In Conversation With Wolfgang Alschner
Faculty member at the University of Ottawa
Wolfgang Alschner is an empirical legal scholar specialized in international economic law and the computational analysis of law.
He is a faculty member of the Centre for Law, Technology and Society at the University of Ottawa. He is co-founder of an investment treaty analytics portal and has published in leading peer-reviewed journals. His research focuses on using social and computer science methods in order to empirically investigate international law.
You are a pioneer in the computational analysis of investment and trade treaties and in particular, one of the founders of the project http://mappinginvestmenttreaties.com/. Can you explain what this is all about? From where did you get your interest in this approach?
For my PhD I wanted to analyze how international investment agreements changed over time. But I was not very keen on reading and coding more than 3000 treaties. Then one day, I presented my work at an interdisciplinary research seminar where a grad student in economics, Dmitriy Skougarevskiy, suggested that I should treat these treaty texts as data using natural language process. I did not know what he meant at the time. But this was the beginning of an incredibly rich collaboration with Dmitriy that resulted in http://mappinginvestmenttreaties.com/. The website was initially only meant to accompany a working paper, but it quickly developed a life of its own and is today used by researchers around the world to compare treaties. This experienced showed me that computer science techniques have much to offer for the study of law.
On Twitter, you took the example of the enormous size of the recent EU-Singapore Free Trade Agreement, to explains that “we need Artificial Intelligence and computational approaches to make sense of trade agreements”. Can you tell us more about how these technologies can help make international law more accessible and understandable to researchers and lawyers?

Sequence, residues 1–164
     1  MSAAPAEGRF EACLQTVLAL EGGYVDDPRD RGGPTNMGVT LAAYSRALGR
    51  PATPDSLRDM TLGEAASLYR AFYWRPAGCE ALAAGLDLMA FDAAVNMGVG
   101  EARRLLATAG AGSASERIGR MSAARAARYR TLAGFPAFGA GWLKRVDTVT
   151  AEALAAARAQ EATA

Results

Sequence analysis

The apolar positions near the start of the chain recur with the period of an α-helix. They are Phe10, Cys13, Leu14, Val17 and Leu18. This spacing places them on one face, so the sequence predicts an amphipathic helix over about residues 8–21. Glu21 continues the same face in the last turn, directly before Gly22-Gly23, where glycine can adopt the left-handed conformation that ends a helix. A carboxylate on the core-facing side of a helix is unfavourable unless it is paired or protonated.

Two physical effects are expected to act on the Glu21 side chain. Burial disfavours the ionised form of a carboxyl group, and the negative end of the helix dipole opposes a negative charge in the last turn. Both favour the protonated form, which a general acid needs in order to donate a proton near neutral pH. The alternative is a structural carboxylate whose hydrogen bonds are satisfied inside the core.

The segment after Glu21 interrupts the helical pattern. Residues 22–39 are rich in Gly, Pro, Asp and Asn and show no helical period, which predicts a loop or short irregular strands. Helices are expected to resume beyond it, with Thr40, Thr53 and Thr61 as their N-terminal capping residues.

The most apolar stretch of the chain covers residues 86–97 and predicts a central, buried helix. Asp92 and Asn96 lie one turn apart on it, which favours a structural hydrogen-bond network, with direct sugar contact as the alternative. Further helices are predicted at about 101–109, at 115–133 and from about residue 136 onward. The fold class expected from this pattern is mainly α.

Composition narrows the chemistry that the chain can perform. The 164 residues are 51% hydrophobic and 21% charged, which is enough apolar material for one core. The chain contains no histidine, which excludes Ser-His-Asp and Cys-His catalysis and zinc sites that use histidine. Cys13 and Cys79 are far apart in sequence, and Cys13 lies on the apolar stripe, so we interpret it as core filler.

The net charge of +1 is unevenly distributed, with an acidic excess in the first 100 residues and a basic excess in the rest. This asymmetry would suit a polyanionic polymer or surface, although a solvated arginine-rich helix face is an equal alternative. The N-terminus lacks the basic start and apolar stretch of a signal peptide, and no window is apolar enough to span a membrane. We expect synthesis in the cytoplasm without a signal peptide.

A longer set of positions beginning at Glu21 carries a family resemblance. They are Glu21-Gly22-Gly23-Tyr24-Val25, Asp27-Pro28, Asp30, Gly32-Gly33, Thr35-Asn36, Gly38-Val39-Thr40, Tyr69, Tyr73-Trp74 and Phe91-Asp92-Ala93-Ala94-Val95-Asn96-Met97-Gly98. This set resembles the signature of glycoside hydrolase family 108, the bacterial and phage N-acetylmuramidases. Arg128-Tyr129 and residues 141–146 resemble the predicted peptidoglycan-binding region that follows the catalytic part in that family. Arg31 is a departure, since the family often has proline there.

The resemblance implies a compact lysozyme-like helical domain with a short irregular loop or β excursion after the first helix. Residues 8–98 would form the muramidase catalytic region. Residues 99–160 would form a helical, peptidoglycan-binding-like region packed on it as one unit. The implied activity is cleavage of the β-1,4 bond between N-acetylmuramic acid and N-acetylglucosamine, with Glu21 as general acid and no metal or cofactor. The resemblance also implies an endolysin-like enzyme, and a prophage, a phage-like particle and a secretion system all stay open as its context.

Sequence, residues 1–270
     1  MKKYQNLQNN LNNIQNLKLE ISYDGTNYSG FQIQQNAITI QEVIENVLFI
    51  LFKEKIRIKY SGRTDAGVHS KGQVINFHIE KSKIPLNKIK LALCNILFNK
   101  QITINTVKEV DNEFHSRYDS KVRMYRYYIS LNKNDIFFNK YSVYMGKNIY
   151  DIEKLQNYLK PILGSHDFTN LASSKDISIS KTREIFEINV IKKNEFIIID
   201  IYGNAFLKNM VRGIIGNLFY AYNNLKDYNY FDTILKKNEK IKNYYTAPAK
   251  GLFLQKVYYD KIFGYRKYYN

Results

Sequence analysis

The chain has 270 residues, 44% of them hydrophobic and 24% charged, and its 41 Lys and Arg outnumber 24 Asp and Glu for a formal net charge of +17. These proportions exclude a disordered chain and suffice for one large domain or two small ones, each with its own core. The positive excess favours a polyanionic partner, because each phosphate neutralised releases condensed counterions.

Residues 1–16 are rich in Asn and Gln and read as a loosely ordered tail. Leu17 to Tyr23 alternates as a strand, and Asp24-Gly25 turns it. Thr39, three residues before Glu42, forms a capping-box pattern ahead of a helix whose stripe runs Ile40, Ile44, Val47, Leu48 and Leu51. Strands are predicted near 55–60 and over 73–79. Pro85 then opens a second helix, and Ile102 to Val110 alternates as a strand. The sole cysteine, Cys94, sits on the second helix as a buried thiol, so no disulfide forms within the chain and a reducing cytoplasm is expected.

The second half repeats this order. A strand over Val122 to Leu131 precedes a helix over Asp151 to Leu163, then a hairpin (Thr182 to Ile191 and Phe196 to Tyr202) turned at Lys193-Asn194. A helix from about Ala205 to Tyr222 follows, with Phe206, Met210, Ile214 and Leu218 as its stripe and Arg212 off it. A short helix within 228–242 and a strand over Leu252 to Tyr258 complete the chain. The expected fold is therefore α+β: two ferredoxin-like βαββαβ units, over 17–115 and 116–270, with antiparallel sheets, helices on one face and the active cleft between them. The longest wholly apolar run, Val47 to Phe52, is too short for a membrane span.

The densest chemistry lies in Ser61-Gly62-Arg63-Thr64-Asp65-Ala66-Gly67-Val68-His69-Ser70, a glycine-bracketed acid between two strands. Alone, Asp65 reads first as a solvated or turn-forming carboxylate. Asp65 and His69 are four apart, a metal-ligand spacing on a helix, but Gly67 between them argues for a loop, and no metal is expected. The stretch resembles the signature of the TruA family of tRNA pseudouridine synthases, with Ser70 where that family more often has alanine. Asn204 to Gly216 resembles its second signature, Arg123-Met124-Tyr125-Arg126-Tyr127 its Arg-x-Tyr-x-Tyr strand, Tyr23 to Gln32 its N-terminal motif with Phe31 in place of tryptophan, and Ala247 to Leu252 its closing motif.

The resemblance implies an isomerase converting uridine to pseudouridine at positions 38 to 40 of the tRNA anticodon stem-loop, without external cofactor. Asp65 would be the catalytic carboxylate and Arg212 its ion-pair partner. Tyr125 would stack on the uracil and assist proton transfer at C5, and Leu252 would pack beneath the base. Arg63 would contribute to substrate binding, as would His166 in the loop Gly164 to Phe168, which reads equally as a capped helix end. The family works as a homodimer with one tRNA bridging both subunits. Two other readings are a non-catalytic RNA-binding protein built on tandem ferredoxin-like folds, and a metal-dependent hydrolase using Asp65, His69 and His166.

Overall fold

We lawyers are trained in what may be called a “close reading” of texts. We pay attention to detail, interpret terms and, at times, see legal significance in the placement of a comma. All this is extremely important — but it is not scalable.
To make sense of large amounts of legal texts, be it modern trade agreements with thousands of pages or entire bodies of jurisprudence, we have to resort to what may be called “distant reading” using artificial intelligence and natural language processing to quickly process texts that would take weeks to read closely. This becomes increasingly important as the number of cases and treaties is constantly growing.
“Distant reading” enables us mine these texts to find patterns, track change and identify outliers. In a 2016 paper, for instance, Dmitriy and I looked at the investment chapter of the Transpacific Partnership Agreement to automatically assess what elements were taken from earlier agreements and what elements were genuine innovations that deserved a closer, manual check. “Distant reading” therefore complements rather than substitutes traditional “close reading” techniques and helps us to navigate legal systems of increasing complexity.
Many lawyers are unfamiliar with programming and artificial intelligence. Should law students learn to code in universities? Or how can lawyers and legal researchers acquire the skills to do this type of analysis?
Technology plays an ever-greater role both in legal practice and in legal research. Particularly young lawyers and law students therefore have to invest in acquiring the necessary skills to be comfortable with a greater role of technology in law. That does not necessarily mean that every lawyer has to become a programmer. A willingness to learn and to stay up to date on legal technology is often enough. At the same time, an increasing number of law schools, particularly in the United States, do offer “Coding for Lawyer” courses. At the University of Ottawa, I teach a course on “Legal Data Science”, where law students learn to code and to solve legal problems in the programming language R. I am in the process of setting up a website www.datascienceforlawyers.org that makes my course materials publicly available. In the coming years, I am sure that there will be more and more online resources that will help lawyers acquire the necessary skills.